The Unified Government of Wyandotte County/Kansas City, Kansas did not violate a public employee’s Fourth Amendment rights by requiring the employee to submit to a random drug test or by terminating his employment when he tested positive for cocaine, according to a recent decision by the U.S. Court of Appeals for the Tenth Circuit.  Washington v. Unified Government of Wyandotte County, Kansas, 847 F.3d 1192 (10th Cir. 2017).

Roberick Washington was employed as a lieutenant at the Wyandotte County Juvenile Detention Center.  Because the Unified Government classified the lieutenant position as safety-sensitive, Washington was required to submit to periodic, unannounced drug tests.  While the Unified Government’s drug and alcohol testing policy stated that “failure to pass a drug or alcohol test is just cause for discipline including discharge,” an internal Human Resources guide recommended suspension for those employees testing positive for the first time.

In 2012, Washington was selected for a random drug test and was fired after testing positive for cocaine.  He subsequently sued the Unified Government, alleging that the random drug test violated his Fourth Amendment rights against unreasonable searches; that the Unified Government deprived him of his constitutional interest in continued employment; and, that the Unified Government breached an implied contract by terminating his employment and not suspending him as suggested by the Human Resources guide.  The Unified Government moved for summary judgment, which the District Court for the District of Kansas granted.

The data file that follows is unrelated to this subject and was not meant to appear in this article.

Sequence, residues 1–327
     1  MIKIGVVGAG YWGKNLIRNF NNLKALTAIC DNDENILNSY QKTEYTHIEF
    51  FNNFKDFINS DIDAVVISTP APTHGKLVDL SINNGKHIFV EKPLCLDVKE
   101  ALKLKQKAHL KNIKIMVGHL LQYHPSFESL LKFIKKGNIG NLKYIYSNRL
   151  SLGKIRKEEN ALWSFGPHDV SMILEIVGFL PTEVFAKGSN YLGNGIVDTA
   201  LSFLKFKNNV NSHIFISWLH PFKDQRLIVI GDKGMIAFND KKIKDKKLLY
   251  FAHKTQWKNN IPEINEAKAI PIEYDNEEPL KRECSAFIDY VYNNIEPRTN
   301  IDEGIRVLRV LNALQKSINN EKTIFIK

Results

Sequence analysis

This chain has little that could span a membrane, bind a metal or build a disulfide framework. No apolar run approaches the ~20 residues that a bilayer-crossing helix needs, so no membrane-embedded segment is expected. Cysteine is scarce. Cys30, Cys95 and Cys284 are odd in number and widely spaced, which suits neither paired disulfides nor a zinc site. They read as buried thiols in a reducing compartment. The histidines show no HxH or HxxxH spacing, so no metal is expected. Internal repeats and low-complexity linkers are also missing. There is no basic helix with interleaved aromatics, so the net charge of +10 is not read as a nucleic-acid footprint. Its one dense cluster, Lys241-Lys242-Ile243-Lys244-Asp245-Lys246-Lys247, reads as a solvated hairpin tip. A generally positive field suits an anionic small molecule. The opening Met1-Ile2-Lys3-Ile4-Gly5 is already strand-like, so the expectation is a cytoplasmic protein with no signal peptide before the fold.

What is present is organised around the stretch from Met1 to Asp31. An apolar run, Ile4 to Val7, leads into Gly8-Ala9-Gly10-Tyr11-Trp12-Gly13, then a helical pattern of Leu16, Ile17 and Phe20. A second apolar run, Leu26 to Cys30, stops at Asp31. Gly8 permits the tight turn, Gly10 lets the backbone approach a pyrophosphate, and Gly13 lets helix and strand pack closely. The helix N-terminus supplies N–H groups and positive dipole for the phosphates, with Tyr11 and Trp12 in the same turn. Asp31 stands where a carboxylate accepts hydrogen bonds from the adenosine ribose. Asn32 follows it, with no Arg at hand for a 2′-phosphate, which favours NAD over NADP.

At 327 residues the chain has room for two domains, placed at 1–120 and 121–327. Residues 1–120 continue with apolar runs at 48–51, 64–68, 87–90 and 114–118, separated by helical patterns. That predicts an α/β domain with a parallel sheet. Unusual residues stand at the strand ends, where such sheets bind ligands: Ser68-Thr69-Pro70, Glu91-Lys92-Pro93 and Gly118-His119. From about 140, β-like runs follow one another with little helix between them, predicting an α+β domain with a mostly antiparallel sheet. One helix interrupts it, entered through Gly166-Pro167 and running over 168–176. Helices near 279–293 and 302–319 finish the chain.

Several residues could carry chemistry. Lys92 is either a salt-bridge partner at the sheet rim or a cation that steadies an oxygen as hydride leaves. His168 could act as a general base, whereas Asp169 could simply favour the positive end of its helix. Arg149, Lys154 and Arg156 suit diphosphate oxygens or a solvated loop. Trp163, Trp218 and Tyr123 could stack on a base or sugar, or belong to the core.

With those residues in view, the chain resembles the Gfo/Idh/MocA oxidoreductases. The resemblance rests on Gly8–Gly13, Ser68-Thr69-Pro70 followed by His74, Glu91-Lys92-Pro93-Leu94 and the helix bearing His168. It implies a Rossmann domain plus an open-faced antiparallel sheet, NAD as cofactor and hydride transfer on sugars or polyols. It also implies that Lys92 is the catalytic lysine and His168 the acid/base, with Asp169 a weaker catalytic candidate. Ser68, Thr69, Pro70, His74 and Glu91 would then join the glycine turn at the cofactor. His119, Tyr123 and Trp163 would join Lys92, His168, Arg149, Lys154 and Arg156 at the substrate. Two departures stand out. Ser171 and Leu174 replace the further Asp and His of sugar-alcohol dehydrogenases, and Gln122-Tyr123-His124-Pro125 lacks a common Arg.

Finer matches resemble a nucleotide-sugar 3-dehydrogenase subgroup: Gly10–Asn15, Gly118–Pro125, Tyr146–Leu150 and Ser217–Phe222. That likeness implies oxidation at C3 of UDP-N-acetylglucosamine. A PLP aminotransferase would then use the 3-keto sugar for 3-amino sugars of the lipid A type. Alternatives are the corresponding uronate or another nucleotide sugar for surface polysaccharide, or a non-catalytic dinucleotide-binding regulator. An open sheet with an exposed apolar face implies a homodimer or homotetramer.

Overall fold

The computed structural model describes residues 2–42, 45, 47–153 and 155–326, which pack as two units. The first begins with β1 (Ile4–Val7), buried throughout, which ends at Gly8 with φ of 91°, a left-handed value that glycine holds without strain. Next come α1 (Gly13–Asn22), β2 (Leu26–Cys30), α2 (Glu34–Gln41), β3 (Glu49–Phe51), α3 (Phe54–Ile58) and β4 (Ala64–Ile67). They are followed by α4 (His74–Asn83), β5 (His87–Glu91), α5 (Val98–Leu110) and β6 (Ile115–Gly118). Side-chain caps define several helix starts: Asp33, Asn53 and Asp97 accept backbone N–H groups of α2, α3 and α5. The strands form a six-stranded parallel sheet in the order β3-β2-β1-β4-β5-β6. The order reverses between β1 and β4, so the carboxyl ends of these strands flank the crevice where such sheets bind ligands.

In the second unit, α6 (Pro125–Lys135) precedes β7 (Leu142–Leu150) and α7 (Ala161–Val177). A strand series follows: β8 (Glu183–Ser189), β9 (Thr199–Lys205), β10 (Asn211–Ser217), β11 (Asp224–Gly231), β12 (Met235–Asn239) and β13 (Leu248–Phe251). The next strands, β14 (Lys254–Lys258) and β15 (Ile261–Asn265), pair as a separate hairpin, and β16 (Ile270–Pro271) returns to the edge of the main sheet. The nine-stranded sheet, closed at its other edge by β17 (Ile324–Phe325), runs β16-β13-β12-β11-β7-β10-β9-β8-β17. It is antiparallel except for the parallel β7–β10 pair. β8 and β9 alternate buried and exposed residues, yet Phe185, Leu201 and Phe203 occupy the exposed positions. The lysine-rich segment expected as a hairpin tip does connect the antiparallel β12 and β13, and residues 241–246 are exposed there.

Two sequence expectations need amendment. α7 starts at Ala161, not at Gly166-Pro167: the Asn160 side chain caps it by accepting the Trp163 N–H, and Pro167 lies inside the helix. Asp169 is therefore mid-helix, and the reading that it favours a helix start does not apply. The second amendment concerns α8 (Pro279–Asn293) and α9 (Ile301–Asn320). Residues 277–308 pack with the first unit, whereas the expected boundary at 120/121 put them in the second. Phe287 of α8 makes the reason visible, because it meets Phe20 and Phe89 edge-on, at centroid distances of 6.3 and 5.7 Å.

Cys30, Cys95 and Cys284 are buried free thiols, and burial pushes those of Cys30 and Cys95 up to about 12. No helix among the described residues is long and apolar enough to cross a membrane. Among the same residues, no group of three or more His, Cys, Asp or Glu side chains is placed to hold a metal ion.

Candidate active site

The Tenth Circuit upheld the District Court’s grant of summary judgment.  With regard to Washington’s Fourth Amendment claim, the Tenth Circuit held that the Unified Government’s search (i.e., random drug test) was reasonable given the safety-sensitive nature of the lieutenant position, noting that random testing by public employers is defensible where the tested individuals would threaten workplace or public safety.  The Unified Government argued that it administered random drug testing to juvenile lieutenants to “ensure the safety and welfare of the children housed in the Juvenile Detention Center.”  While Washington argued that there existed material issues of fact about whether the position actually was safety-sensitive – according to Washington, his responsibilities largely were administrative – the Court disagreed, noting that Washington was required to report to the detention facility floor in certain emergency situations, and that he filled in for “undeniably safety-sensitive” positions when other employees were late or absent.  That he only “sporadically” filled in for these “undeniably safety-sensitive” positions was irrelevant, as the Court held “the frequency or regularity . . . does not affect our conclusion, since his on-call status made paramount his preparedness.”  The Court did note, however, that its analysis might change if Washington’s job duties “were entirely administrative, or if he were not employed in a juvenile corrective facility.”

With regard to his claim that the Unified Government deprived Washington of his constitutional right to continued employment, the Court held that public employment in Kansas is presumptively at-will, and that the HR guide did not limit this at-will status, as the guide included a disclaimer that it did “not modify the status of employees as employees-at-will or in any way restrict the Unified Government’s right to bypass the disciplinary procedures suggested.”  For those reasons, the Court also upheld dismissal of the breach of implied contract claim.